Special Alert: Economist Update
Last Friday’s Employment report from the Bureau of Labor Statistics came in better than expected. Employment rose by 1.8 million, against an expectation of about 1.5 million, and the headline unemployment rate, U3, fell to 10.2% versus an expectation of 10.7%.
The largest gains were in the hospitality and leisure sector, adding 592,000 jobs. Government employment gains were the second strongest, but this seems to be due to a quirk in the interaction of the pandemic with seasonal factors. Retail trade, services, and healthcare also posted strong gains. Other sectors saw more modest gains with the exception of mining, which saw a minor employment decline.
The broadest measure of labor underutilization, U6, fell from 18.0% to 16.5%, and the overall labor force participation rate was essentially stable.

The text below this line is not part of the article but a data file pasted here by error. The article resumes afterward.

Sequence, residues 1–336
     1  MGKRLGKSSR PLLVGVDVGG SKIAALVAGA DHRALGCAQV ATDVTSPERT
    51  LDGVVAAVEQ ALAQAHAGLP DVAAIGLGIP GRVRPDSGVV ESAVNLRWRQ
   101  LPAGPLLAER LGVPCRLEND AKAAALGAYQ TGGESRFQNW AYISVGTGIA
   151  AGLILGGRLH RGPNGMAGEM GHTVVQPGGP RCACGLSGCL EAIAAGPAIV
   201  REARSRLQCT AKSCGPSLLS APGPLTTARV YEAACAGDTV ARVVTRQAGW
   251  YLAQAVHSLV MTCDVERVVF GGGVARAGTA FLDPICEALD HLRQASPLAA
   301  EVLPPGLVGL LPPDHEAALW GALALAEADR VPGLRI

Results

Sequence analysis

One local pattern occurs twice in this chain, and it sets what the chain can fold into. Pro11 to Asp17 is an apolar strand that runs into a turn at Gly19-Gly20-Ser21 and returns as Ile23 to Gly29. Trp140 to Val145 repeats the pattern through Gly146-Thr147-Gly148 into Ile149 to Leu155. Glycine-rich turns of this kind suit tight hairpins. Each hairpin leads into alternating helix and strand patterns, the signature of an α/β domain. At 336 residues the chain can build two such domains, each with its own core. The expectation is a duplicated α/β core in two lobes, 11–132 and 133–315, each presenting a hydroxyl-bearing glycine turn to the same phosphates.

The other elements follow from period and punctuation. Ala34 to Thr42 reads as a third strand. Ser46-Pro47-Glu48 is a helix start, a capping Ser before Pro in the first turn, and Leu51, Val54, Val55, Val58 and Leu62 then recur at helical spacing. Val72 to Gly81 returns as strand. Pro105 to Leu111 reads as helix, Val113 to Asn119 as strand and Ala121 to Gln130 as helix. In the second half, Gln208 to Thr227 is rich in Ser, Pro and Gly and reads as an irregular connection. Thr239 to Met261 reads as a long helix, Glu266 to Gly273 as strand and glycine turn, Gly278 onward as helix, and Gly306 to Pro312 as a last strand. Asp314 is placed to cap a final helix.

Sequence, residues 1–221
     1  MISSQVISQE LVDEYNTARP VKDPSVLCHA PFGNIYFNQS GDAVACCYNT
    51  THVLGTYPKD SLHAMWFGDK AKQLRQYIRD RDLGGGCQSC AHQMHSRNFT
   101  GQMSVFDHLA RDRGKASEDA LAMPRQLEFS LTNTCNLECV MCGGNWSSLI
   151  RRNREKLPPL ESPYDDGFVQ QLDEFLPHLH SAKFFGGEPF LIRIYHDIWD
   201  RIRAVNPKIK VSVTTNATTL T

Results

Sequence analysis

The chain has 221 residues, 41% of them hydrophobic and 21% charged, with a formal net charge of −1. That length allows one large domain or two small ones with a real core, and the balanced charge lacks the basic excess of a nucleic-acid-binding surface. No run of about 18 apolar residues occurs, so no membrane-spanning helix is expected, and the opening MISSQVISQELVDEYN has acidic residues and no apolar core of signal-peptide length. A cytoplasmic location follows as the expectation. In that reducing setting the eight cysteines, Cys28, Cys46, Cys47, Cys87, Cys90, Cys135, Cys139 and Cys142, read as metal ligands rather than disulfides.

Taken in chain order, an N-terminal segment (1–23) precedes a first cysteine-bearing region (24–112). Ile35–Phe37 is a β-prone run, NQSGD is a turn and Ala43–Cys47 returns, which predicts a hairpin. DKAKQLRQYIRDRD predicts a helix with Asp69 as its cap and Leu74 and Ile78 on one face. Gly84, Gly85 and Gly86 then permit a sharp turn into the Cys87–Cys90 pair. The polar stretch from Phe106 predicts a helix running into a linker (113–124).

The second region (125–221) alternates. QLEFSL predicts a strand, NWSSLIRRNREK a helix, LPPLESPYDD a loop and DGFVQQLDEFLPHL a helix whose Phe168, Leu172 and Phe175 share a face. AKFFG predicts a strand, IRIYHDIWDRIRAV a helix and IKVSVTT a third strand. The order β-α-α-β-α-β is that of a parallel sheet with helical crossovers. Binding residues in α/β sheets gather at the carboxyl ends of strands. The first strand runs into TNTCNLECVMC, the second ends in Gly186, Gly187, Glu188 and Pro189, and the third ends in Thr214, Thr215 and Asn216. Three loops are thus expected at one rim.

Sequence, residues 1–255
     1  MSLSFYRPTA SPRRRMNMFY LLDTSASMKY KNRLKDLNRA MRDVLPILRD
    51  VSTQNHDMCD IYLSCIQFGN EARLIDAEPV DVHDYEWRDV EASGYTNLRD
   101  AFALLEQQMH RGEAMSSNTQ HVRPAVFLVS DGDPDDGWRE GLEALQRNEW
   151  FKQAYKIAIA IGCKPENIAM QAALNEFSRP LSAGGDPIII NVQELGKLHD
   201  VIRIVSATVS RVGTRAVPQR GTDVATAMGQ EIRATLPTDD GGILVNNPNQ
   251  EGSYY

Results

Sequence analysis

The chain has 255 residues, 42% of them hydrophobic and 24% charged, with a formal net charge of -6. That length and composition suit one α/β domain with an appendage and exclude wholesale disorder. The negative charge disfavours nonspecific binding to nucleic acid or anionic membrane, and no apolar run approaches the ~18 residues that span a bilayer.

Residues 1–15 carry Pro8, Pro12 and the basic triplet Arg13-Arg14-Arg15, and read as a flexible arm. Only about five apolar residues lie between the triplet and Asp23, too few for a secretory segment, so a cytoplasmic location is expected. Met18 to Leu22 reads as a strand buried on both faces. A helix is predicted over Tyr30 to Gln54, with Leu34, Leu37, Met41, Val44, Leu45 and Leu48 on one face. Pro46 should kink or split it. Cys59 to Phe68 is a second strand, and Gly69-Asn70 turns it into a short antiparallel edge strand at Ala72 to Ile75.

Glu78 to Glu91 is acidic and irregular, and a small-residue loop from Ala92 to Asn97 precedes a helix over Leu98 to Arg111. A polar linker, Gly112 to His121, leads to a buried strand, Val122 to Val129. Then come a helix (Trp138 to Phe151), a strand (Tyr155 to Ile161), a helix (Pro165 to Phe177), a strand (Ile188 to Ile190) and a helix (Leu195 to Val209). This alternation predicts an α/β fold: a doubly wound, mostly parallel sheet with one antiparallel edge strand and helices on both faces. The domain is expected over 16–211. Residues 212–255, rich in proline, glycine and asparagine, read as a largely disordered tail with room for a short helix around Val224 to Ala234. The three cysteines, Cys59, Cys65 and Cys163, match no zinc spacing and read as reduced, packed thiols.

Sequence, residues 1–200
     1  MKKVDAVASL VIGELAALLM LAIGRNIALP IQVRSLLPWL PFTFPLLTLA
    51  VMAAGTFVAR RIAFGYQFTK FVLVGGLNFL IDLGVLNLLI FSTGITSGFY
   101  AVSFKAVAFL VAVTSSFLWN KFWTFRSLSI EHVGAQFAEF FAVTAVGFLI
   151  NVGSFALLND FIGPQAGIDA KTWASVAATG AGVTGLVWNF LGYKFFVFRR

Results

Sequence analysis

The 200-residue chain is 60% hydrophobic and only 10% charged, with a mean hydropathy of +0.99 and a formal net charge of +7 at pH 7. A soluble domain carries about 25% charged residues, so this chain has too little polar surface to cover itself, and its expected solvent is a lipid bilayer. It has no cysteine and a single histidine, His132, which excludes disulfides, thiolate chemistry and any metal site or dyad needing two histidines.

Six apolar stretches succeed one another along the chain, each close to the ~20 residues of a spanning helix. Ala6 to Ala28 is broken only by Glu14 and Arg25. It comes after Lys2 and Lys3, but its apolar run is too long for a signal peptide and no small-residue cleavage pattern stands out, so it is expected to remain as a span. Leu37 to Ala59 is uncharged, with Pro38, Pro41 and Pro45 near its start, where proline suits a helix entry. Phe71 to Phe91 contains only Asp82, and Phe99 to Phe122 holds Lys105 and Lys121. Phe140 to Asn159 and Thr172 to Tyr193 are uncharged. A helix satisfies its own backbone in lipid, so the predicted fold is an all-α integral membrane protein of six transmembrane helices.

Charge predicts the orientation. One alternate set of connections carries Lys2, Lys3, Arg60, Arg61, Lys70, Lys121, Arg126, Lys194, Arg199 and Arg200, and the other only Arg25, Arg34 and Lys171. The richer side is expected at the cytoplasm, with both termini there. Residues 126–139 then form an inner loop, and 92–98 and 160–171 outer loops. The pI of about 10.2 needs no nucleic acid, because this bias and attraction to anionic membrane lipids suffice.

While not as strong a report as last month’s, these are still remarkable numbers and, importantly, are notably higher than consensus forecasts.
The pace of the recovery in the job market is slowing – I am not sure I would call it V-shaped, but it is still pretty good. What happens in the next couple of weeks with the pandemic will tell us a lot. Another obstacle to recovery could be unemployment compensation. The additional $600/week in benefits may not be renewed, which would negatively impact personal consumption spending.
As for this morning’s summary of initial claims for unemployment, reports came in better than expected. While this number represents a smaller segment of the overall labor market and can be quite noisy, it still contains some useful information. The number of new claims fell below 1 million for the first time since the crisis started, to 963,000, when 1.1 million was expected. I think a more important measure is the number of continuing claims, which fell by 600,000 to 15.5 million; this means that more people left unemployment due to hiring in the previous week than lost their job -- a net positive.
-Tom Cunningham, Ph. D., Retired Senior Economist, Federal Reserve Bank of Atlanta